Cancer vaccines have shown clinical promise in driving tumor-reactive cell activation, proliferation, and effector functions. Cancer vaccine therapy, on the other hand, has not been successful in eradicating tumors and has limited efficacy in some patients. Cancer vaccination has been shown to be ineffective on its own in advanced and metastatic tumors, but it can have a positive clinical impact in the setting of a low tumor load.
What factors limit the effectiveness of a single cancer vaccine? How can more of cancer vaccines’ therapeutic potential be realized?
The Parker Institute for Cancer Immunology recently published an online opinion piece in Science Translational Medicine. It examines the future of cancer vaccines from the perspectives of antigenic targets, vaccine platforms, and combination therapies.
Cancer vaccines typically use tumor antigens to elicit a tumor immune response in the body based on T cell cellular immunity. According to their specificity (from low to high), the identified tumor antigens are divided into four major categories: overexpressed tumor-associated antigens, tumor embryonic antigens, tumor testicular antigens, and mutated tumor-specific antigens.
To avoid autoimmune responses and central tolerance issues, cancer vaccines should ideally target highly specific tumor antigens, which currently use less specific tumor-associated antigens as core antigenic components rather than tumor-specific antigens. An example is sipuleucel-T, a DC vaccine targeting tumor-associated antigens (TAA), approved by the FDA in 2010 for the treatment of prostate cancer. Such antigens have been largely shown to be safe and immunogenic in clinical trials, but concerns remain about the potential associated autoimmune toxicity associated with development in the form of a vaccine.
NY-ESO-1 and MAGE family proteins are tumor testicular antigens that are not mutated and are expressed in a variety of tumor cells. Cancer vaccines targeting the NY-ESO-1 and MAGE families have shown promise in the clinic, with the potential to avoid inhibitory responses and increase cancer vaccine efficacy with a better understanding of the biology that recognizes these antigens.
RAS and p53 are examples of mutant tumor-specific antigens (TSAs), which activate high-affinity effector T cells but are not usually expressed on tumor cells as conventional antigenic peptide-MHC molecular complexes, making them difficult to use in cancer vaccines. Another type of TSA, which targets virus-driven tumors and includes HPV proteins E6 and E7, has been used successfully in cancer vaccine development.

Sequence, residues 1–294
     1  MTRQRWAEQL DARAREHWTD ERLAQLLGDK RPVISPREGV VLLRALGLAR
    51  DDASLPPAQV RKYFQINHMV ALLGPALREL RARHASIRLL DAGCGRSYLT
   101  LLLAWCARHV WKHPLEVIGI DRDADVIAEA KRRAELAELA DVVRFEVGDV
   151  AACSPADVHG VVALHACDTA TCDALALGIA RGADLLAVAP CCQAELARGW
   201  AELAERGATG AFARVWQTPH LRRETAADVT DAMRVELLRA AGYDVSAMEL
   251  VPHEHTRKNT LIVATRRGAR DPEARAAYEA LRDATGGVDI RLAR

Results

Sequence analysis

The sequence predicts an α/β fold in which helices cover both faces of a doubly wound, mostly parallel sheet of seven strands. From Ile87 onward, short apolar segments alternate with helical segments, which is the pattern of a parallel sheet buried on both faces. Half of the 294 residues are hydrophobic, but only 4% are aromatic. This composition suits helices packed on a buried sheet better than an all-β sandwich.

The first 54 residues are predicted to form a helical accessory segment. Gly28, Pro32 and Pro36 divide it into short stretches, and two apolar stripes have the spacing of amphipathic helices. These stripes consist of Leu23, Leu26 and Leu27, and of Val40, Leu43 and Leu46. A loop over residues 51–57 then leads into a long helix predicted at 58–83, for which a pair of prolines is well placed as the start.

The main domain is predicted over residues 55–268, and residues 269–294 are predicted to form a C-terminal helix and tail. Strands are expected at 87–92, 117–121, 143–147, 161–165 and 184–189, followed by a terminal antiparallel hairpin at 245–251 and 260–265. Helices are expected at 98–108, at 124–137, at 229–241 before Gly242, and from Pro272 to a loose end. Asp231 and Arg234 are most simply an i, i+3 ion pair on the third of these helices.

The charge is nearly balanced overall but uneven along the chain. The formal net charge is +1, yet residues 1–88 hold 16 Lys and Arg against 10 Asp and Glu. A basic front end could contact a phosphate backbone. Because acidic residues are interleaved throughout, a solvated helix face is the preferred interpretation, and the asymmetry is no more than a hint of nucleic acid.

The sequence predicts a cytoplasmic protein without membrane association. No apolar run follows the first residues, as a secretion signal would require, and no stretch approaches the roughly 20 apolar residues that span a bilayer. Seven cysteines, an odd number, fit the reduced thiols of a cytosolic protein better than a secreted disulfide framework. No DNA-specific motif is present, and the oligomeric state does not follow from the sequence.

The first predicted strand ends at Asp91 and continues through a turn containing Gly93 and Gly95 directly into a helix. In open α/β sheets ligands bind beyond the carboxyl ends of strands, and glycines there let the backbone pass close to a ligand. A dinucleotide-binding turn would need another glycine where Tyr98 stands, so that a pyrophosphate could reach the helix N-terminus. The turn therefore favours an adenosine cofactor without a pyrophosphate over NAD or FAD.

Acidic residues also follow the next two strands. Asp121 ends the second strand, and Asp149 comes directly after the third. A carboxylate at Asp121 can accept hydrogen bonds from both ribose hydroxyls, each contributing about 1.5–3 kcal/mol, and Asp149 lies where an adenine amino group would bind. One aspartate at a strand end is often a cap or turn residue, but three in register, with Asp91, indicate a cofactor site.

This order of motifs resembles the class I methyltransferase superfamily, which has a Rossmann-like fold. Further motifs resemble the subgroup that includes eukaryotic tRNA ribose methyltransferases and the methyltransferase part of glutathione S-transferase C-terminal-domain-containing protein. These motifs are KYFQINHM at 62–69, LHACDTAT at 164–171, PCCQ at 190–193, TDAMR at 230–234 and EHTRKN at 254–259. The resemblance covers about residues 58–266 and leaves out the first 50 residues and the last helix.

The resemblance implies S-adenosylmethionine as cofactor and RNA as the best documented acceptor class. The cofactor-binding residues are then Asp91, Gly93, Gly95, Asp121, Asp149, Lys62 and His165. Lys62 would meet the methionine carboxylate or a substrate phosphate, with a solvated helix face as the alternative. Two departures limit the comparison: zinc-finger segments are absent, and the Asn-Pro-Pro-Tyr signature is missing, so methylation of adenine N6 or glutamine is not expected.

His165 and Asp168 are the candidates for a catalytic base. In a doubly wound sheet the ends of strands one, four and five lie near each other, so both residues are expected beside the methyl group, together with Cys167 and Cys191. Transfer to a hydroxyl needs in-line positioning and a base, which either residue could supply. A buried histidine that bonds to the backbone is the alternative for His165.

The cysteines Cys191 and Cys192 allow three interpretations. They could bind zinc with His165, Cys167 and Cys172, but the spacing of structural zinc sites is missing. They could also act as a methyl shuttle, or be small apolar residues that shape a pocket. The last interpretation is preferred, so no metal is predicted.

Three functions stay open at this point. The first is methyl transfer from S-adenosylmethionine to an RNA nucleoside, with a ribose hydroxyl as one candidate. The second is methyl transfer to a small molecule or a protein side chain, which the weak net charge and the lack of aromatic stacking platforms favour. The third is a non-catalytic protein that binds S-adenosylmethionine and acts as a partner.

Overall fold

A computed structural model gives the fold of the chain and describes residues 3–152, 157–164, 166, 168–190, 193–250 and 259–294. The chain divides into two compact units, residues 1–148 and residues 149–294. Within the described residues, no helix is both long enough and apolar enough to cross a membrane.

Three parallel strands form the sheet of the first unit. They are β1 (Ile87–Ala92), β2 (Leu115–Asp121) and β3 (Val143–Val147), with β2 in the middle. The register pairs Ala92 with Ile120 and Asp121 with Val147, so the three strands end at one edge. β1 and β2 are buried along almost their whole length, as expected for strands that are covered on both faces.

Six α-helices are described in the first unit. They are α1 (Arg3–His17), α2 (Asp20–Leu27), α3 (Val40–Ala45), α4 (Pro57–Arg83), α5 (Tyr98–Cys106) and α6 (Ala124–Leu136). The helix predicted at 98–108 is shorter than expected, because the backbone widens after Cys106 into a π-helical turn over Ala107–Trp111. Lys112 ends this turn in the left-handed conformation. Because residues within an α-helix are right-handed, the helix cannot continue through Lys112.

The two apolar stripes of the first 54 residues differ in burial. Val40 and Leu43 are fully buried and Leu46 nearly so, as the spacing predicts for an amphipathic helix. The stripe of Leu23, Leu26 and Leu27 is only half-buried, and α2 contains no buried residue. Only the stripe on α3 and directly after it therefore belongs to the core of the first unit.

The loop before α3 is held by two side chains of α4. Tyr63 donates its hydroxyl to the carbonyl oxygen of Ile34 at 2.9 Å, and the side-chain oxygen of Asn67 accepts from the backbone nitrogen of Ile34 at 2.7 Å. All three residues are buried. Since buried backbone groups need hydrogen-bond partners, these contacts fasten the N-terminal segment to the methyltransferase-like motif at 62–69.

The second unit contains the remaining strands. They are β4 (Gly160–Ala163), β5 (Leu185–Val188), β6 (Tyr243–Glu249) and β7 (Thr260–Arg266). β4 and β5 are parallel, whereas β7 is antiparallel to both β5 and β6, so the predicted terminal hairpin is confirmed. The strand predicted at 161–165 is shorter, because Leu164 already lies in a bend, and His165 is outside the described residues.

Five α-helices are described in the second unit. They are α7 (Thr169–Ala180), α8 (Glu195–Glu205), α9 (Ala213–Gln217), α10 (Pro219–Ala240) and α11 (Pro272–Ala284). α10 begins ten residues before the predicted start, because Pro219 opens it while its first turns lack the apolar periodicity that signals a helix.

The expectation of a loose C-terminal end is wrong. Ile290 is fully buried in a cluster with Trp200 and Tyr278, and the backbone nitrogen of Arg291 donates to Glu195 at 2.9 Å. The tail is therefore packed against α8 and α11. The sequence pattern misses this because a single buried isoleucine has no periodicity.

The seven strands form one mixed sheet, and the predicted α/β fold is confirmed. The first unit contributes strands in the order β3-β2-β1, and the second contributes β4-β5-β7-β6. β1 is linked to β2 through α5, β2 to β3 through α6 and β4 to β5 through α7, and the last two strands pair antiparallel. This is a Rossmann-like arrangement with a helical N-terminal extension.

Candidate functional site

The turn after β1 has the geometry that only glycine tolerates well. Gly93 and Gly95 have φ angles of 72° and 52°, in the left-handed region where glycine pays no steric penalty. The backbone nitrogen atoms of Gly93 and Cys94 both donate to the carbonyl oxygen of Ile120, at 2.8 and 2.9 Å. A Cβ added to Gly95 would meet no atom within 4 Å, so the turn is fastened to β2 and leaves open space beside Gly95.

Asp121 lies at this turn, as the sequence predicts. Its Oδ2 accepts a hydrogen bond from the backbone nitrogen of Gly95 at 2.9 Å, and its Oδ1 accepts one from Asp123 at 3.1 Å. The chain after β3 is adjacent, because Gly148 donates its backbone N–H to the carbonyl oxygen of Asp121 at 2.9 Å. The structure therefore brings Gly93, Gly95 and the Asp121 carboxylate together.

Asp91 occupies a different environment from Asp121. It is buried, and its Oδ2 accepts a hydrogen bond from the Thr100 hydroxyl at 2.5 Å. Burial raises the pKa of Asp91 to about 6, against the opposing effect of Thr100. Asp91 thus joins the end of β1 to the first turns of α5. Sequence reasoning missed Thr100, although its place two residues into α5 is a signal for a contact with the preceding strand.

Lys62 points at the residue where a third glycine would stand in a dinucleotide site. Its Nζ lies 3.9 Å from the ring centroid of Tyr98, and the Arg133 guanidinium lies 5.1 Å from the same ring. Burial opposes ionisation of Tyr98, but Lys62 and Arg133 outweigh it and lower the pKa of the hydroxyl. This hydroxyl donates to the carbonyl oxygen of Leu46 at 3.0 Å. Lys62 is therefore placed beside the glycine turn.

In addition, neoantigens can increase the specificity of tumor targeting and also stimulate T-cell responses, potentially serving as a more effective antigenic target. In the treatment of melanoma, peptide vaccines, RNA vaccines, and DC vaccines targeting neoantigens have been developed and all have shown safety, feasibility, and strong immunogenicity in clinical trials.
Cancer vaccines come in a variety of forms, including nucleic acids, peptides, proteins, and some mixtures (cell or tumor lysates). Dendritic cells (DCs), viral vectors, TLR agonists, pathogen signaling adjuvants, and nanoparticle formulations are currently used to deliver target tumor antigens.
Antigens and adjuvants are frequently used together to stabilize immunogenic molecules and stimulate responses mediated by APCs and T cells. Montanide, cytokines (granulocyte-macrophage colony-stimulating factor), toll-like receptor (TLR) signaling-inducing molecules, CD40 co-stimulatory triggers, and more complex adjuvants are currently used (e.g., viruses).
For example, RNA vaccines (e.g., BioNTech’s FixVac) are now a viable vaccine platform composed of RNA molecules packaged into lipid nanoparticles to optimize delivery and immunostimulatory properties. However, the signaling mechanism is not fully understood, and optimal adjuvants paired with specific antigenic platforms are still required to maximize favorable immune responses.
To improve T-cell activation and anti-tumor activity, a combination of immunotherapy and standard treatment approaches is being used to address the limited therapeutic efficacy of cancer vaccines in the clinic.
Many combination therapies, including immune checkpoint inhibitors CTLA-4 or PD-(L)1, T-cell therapy, low-dose IL-2, IFN-, and chemotherapy, have been tested clinically with some degree of efficacy improvement for DC vaccines.
The HPV16 synthetic long peptide vaccine demonstrated early clinical success in patients with early-stage cervical cancer, but it did not produce the same efficacy in patients with advanced disease, which could be improved by combining cisplatin chemotherapy and immune checkpoints to enhance its antitumor effect. The timing and sequence of vaccine administration is a critical issue in combination therapy. Cancer vaccines are more effective when administered before checkpoint inhibitors than after them, according to studies in mice, and this finding is supported by clinical data.
FixVac, an intravenous liposomal mRNA vaccine, can target multiple antigens alone or in combination with PD-1 inhibitors. FixVac induces long-term objective remissions in melanoma patients who have not responded to checkpoint inhibitors. It can be given multiple times and still produce an improved response.
Cancer vaccines are a comparable and safe oncology treatment, but strategies for optimizing each component are still being developed. Understanding the mechanisms by which cancer vaccines induce effective responses and optimizing treatment regimens will be critical for cancer vaccine success in the future.